Not so strange in the Age of Climate Change
Mixed Media Puppets, Variable Dimensions, 2019
Although considered insentient by the human world- there is ample scientific proof that Plants have emotions and a very elaborate communication system. When one is open to percieving without judging, one can hear the stories that plants tell. Contemporary puppeteer Varun Narain, brings to life two floral queens: Theobroma Cacao - the plant that bears the cocoa bean from which ultimately cocoa is derived, and Zingiber Officinale aka Ginger. The artist, also trained as a botanist, bases his creations on the botanical structures of the actual plants, embellishing them then further with flair, sass, movement and speech. Both Cocoa and Ginger bring out their strong flavours and thus, dominant personalities. Not given the attention they deserve, they strut around with attitude arguing with each other. Their queer relationship/s have given rise to some transgenic offsprings, was it those meddling humans again?!
SONIA MEHRA CHAWLA
Universe in Details
In-lit Photographs, 2019
Part of Sonia Mehra Chawla's continued engagement with Mangrove ecologies, these photographs of microbial cultures provide an astute starting point to consider the necessary entwinement and entanglement of humans and our other-than-human kin. These otherwise invisible critters, which contribute to the bio-geochemical cycles in one of the most important ecosystems in the search for climatic resuscitation, have been prepared at the MSSRF laboratories and were documented by the artist in the laboratory's UV laminar flow cabinets to prevent contamination of experiment.
In this act of zooming up close, the artist also gives us a way to look far above, destabilising our own positions in the complex nexus of multi-species living. Interstellar and interstitial both, the images urge us to practice holding multiplicities.
SONIA MEHRA CHAWLA
The Salt Lab: (Under) Currents and Crosswinds
Photographs with Inscriptions, 2018-19
Climate change brings a new urgency to understanding salt tolerance and the impact of various abiotic stresses on food crops in India. Of all the monocots, rice is the most sensitive to salinity. Rice is the world’s most important staple food. Through its various ongoing phases of research and documentation, the body of work reflects on the urgency to develop salt-tolerant and drought-resistant food crops in India. The project explores both indigenous saline tolerant rice varieties in India, as well as recent developments in the field of biotechnology for transgenic rice (from mangrove species), technologies that may shape the future of food in India.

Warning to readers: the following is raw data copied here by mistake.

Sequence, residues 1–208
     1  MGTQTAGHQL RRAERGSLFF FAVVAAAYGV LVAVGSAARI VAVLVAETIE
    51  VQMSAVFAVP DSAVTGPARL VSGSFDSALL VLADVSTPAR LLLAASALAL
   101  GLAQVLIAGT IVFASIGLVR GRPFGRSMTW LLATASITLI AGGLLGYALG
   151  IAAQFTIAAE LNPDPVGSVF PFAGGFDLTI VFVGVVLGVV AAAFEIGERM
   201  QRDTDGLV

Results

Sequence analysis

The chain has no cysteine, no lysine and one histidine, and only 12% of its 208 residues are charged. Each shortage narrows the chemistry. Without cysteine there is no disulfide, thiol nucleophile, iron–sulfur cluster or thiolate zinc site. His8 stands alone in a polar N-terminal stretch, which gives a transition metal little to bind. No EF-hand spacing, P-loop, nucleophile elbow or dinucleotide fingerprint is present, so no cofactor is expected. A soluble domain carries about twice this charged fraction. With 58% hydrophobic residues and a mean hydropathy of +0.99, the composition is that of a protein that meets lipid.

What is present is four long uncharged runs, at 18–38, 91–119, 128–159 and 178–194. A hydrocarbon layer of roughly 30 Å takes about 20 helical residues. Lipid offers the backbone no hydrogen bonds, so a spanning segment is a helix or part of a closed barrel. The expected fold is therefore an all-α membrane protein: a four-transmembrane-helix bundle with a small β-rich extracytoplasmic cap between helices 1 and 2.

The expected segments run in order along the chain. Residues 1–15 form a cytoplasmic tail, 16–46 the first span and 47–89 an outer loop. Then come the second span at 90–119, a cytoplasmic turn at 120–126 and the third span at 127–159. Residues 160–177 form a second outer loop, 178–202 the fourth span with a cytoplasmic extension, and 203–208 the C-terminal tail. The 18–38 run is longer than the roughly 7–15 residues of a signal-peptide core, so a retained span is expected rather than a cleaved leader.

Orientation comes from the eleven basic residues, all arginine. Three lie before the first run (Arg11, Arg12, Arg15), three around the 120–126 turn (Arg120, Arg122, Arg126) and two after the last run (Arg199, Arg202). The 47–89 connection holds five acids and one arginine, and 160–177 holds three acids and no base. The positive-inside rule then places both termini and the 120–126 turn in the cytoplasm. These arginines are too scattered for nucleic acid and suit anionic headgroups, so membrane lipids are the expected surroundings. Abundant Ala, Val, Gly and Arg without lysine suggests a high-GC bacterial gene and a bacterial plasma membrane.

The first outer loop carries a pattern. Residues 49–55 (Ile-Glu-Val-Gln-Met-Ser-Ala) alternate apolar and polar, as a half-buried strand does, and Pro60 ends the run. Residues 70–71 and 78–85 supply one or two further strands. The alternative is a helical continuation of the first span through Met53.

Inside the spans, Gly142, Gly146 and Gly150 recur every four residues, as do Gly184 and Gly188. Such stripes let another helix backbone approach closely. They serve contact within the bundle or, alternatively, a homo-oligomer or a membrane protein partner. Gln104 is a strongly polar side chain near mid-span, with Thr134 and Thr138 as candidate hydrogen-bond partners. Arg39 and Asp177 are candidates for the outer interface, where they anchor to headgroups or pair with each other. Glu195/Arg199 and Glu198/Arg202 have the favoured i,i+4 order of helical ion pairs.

Polyester thread, cotton thread, and stainless steel, Variable Dimensions, 2019
Drawing from the changing culture of his Koli village, assimilated over time into the megacity of Mumbai, Parag Tandel creates intricate sculptures in seven hues. The armature, inspired by traditional non-representational mother goddess deities, is populated with references to the nimbu-mirchi (lemon-chilli) evil eye believed to be a ward against ill-will and misfortune in the Indian region. This hybrid iconography offers a multi-pronged approach to think about divisive ideologies, majoritarian cultural influences, and fading indigenous wisdoms. The artist also adds other symbologies such as the colours of prominent sacred pigments, and the soul-stone carrying boats, reclaiming contemporary artistic space for the assertion of marginalized knowledges.
HIMALI SINGH SOIN
we are opposites like that: South Asian Futurism
1/7 Channel Video, 08:38 min, 2019
Building up non-anthropocentric, post-human ways of storytelling, artist Himali Singh Soin forages for polar mythologies that compose her series 'we are opposites like that'. This new video from the series, shot during a research residency on Svalbard in the high Arctic circle, captures the attenuation of planetary temporalities, confined geographies and decolonial possibilities through the motions of an alien figure entangled in a shifting landscape of receding glaciers. we are opposite like that desires to rearrange the map, and while firmly located in the two polar circles, it proposes a kind of transnationalist world blanketed in lichen and in which north and south are collapsed. Since the poles are used as laboratories for outer space research and have been the site of high frequency UFO sightings, Soin uses sci-fi tropes to propose a south-asian futurism, in which rationalism and the occult claim a multiplicity of disparate narratives, unified only by strange teleconnections.
Credits: Ikroop Sandhu (Animation), Devra Freelander (Field support) Supported by: The Embassy of Switzerland in India and India Foundation for the Arts